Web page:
The goal is to construct a scenario that tests not only the technical abilities of the potential hire but also their creativity, communication skills, and problem-solving approach.

Check out the exercise and template below, but first:

Here's a step-by-step process on how to create a similar exercise:

1. Identify the key skills: These could include problem-solving, critical thinking, technical prowess, communication, adaptability, etc. In our case, the key skills are the ability to solve a technical problem creatively, clear communication, and adaptability.

2. Draft a relevant problem scenario: This should reflect a real-life situation they could potentially face on the job. In our example, we created an issue with having to design an email marketing dashboard without the convenience of direct integrations or APIs. This scenario tests their creative problem-solving skills and their technical knowledge.

3. Define the desired outcome: What is the candidate expected to achieve at the end of this exercise? Is it a solution to the problem or a plan to tackle it? In our case, it's a solution for creating an email marketing dashboard, even if not an exhaustive one.

4. Determine the constraints: This might include limited resources, a lack of specific tools, or time limitations. This adds a layer of complexity and tests their adaptability. In our example, the constraint is the lack of direct integrations or APIs.

5. Develop questions to guide the candidate: These can help to test the candidate's approach and thought process, rather than just their final answer. They should encourage the candidate to think aloud and share their decision-making process.

6. Create evaluation criteria: This will help to evaluate the responses effectively. You should consider factors like the approach to the problem, clarity of communication, creativity of the solution, and alignment with the defined outcome.

Example Hypothetical Exercise:

Title: Designing a Customer Retention Strategy without a CRM

Scenario: We are a small startup that currently doesn't use a CRM tool. Yet, we need to develop a strategy for retaining customers. The data we have is scattered across multiple spreadsheets and tools, including email marketing tools, website analytics, and social media analytics.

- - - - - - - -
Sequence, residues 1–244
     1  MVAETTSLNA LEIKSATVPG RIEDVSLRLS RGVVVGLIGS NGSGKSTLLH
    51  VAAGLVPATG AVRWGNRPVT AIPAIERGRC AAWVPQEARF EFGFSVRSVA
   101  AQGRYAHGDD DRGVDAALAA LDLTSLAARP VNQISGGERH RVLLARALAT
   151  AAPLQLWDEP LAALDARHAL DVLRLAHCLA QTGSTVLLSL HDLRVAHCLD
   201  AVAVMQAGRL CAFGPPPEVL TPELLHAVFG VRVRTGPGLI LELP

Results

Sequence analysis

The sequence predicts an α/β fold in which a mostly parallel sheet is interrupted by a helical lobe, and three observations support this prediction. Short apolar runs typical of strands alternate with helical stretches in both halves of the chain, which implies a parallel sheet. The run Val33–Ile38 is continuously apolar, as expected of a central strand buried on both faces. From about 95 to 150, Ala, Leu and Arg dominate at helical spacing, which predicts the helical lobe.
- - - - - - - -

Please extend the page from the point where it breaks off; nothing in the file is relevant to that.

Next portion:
Desired Outcome: A basic plan for how to consolidate and use this data to better understand our customers and develop a retention strategy.

Constraints: No CRM tool. Limited budget for purchasing new tools.

Guiding Questions:

1. How would you consolidate the existing data from the different sources?

2. What would you consider as important data points for understanding customer behavior?

3. How would you plan to use this data for a retention strategy?

4. If given a budget to invest in a tool, what kind of tool would you recommend?

Evaluation Criteria:

1. Approach to consolidating and organizing data.

2. Understanding of important data points for customer retention.

3. Clarity and practicality of the retention strategy.

4. Understanding of available tools and technology in the market.

Remember, the goal of this exercise is not just about getting the right answer, but also about understanding the candidate's thought process and approach to solving problems. It's also about testing their communication skills and how well they can explain their strategies to non-technical team members.

If you’d like this in a Notion template, click the button below.

I hope this helps, and I’d love to hear from you. If there are questions or topics you’d like me to cover related to this, please send me an email and let me know!

Join the conversation

or to participate.